This technique is mainly used to highlight surface defects, scratches or engraving. Dark field illumination usually uses a low angle ring light that is mounted very close to the object. Dark field is the opposite of bright field because most of the light reflected from the surface of the target will fall outside the FOV of the camera with the camera only "seeing" scattered light that is reflected by a defect on the surface. Large ring lights, spot lights and line lights can all be used in the dark field (image 1).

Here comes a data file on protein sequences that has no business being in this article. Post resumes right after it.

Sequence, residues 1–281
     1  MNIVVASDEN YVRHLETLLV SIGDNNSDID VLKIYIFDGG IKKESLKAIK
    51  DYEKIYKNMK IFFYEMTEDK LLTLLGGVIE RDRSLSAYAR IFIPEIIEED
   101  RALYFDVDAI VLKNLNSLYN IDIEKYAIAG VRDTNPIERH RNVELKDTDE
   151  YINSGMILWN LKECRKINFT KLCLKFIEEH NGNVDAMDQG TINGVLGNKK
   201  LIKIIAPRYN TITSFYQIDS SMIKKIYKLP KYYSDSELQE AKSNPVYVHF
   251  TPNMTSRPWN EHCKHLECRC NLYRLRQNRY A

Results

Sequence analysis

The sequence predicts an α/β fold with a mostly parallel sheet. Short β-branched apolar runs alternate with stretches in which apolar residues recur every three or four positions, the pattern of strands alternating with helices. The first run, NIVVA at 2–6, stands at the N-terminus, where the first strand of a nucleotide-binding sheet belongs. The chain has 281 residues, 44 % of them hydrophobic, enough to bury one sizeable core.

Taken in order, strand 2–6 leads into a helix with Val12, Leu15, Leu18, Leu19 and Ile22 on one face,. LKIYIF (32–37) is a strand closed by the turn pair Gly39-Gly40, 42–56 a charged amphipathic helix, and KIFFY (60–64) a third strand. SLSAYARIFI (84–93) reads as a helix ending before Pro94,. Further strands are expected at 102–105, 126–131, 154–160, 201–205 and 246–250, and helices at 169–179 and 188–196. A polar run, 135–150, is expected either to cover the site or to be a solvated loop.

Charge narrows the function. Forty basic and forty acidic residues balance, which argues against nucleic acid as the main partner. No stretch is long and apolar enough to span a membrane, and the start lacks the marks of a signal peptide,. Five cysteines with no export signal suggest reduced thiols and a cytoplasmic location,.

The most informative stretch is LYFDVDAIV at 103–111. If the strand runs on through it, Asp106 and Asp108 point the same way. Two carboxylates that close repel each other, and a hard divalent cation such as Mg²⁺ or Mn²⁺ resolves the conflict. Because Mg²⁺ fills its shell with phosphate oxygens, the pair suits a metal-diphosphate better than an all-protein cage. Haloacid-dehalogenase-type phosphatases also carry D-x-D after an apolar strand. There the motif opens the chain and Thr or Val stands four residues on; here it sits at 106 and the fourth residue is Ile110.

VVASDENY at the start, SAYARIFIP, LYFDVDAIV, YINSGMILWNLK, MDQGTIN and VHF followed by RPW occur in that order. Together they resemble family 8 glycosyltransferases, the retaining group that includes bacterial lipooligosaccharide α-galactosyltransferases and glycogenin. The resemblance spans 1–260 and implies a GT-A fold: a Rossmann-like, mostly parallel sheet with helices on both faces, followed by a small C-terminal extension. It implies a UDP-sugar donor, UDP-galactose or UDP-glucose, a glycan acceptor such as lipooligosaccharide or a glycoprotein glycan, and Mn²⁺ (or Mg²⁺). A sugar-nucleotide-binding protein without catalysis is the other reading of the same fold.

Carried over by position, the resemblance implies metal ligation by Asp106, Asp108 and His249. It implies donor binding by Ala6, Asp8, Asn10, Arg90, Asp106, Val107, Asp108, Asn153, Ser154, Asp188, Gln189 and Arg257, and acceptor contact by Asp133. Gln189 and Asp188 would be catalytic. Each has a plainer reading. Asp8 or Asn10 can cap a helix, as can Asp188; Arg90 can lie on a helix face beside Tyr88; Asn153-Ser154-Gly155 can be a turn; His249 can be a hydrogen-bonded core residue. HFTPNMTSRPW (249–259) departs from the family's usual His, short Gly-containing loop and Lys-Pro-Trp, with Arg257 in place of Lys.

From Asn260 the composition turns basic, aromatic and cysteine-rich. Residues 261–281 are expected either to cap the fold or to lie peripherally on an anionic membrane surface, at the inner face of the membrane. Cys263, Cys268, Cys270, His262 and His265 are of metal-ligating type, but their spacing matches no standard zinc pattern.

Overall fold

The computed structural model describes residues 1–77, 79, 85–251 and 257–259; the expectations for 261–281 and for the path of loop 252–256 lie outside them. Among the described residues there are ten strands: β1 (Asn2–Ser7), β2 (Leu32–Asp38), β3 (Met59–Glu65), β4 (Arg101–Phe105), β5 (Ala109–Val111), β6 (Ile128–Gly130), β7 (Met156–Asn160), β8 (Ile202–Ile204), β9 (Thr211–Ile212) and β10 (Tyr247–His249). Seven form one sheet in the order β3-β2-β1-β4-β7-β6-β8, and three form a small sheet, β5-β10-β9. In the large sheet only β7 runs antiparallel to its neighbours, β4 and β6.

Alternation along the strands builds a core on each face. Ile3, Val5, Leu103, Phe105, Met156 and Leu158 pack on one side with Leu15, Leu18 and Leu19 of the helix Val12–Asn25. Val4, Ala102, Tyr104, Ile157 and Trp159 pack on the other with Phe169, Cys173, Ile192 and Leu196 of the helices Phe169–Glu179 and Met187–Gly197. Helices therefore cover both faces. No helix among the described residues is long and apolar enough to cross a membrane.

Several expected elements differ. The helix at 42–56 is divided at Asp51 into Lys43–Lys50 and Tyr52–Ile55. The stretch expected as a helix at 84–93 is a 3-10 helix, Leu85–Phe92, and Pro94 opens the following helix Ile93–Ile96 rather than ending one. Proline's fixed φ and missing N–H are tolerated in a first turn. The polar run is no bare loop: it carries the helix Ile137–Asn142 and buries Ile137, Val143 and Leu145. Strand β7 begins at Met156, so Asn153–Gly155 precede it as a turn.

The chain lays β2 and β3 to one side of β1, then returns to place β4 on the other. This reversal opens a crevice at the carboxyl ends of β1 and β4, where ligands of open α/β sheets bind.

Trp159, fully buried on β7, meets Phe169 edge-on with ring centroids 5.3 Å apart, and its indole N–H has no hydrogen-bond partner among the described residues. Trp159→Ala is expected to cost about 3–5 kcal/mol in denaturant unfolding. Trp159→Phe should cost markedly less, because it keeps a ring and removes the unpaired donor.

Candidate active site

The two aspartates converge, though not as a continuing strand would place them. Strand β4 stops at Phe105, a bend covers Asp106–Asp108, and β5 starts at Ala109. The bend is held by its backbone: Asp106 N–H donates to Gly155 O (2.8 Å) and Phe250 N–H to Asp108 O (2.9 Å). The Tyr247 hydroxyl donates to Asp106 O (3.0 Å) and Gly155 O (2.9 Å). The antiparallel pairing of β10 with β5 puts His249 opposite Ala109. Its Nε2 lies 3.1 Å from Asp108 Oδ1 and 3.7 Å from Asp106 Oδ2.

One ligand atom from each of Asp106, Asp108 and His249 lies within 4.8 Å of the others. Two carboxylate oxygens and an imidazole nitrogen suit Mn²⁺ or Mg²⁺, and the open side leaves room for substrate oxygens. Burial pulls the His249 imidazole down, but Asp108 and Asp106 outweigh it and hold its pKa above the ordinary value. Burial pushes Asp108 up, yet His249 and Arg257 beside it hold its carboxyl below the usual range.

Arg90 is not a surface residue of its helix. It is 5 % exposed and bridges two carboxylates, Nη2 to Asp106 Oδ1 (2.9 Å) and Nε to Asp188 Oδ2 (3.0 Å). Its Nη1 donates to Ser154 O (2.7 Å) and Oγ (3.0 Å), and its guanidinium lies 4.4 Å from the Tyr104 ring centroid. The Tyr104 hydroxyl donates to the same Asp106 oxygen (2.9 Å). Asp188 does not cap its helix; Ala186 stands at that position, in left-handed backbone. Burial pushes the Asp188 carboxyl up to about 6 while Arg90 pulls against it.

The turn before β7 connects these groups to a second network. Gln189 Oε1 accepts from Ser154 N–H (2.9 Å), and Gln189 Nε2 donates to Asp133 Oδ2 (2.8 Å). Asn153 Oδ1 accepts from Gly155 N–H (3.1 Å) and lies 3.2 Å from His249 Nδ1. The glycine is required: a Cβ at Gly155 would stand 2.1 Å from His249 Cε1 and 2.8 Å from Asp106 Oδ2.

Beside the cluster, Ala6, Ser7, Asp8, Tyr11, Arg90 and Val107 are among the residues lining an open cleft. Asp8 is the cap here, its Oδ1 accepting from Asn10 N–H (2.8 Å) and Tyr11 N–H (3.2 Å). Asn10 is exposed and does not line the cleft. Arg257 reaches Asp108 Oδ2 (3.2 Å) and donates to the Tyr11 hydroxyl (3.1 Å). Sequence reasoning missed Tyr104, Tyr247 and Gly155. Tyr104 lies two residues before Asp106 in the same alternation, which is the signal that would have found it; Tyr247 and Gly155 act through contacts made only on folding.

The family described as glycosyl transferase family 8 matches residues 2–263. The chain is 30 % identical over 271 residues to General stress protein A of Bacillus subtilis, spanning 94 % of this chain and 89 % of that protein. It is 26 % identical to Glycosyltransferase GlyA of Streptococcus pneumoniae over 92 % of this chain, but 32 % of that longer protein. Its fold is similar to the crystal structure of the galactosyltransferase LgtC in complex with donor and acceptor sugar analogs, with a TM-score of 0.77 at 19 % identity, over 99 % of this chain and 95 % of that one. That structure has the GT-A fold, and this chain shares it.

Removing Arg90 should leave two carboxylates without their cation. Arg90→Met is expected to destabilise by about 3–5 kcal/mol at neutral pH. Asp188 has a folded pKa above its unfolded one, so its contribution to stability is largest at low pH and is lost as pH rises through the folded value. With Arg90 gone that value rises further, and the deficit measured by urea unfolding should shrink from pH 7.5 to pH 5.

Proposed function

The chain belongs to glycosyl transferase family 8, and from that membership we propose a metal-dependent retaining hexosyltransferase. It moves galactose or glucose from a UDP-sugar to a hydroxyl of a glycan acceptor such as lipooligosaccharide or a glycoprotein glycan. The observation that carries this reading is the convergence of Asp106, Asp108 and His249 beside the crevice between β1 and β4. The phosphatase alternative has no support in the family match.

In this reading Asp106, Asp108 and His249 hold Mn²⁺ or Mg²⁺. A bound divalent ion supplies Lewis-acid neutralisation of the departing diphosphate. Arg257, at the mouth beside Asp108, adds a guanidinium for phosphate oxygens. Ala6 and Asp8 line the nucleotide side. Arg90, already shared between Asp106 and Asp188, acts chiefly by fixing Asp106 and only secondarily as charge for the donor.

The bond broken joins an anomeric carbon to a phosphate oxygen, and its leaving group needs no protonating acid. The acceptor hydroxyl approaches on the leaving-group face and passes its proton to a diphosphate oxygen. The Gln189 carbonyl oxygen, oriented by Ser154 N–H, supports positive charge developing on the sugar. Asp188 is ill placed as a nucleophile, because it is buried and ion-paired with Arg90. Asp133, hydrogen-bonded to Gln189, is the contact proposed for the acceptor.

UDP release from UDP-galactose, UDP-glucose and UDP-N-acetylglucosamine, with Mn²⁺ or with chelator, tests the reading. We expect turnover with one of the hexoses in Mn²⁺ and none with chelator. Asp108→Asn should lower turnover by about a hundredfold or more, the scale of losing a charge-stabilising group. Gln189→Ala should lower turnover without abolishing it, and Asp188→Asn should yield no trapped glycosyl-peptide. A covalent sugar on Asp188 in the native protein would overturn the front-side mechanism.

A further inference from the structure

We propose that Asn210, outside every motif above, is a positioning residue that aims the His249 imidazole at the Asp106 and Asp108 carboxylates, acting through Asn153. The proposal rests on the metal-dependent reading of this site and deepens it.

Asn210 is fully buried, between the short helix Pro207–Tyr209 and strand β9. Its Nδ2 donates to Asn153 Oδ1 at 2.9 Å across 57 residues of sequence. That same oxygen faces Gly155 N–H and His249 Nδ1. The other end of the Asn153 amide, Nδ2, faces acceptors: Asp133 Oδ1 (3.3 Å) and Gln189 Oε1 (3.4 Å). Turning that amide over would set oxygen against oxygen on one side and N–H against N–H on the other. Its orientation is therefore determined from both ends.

The sequence of images (image 2-4) shows the principle of dark field illumination when detecting surface scratches or defects on flat objects.
On this flat, unmarked surface there is a low angle of incidence, and virtually all of the light is reflected out of the field of view of the camera. The resultant image would be very dark with no distinctive features implying a defective object (image 2).
Here one can see that when surface features are present, the light hits them and is scattered in all directions. Some of this scattered light will enter the camera to reveal the scratch or feature (image 3).
As this detail shows, light hitting a sharp edge will disperse widely (image 4).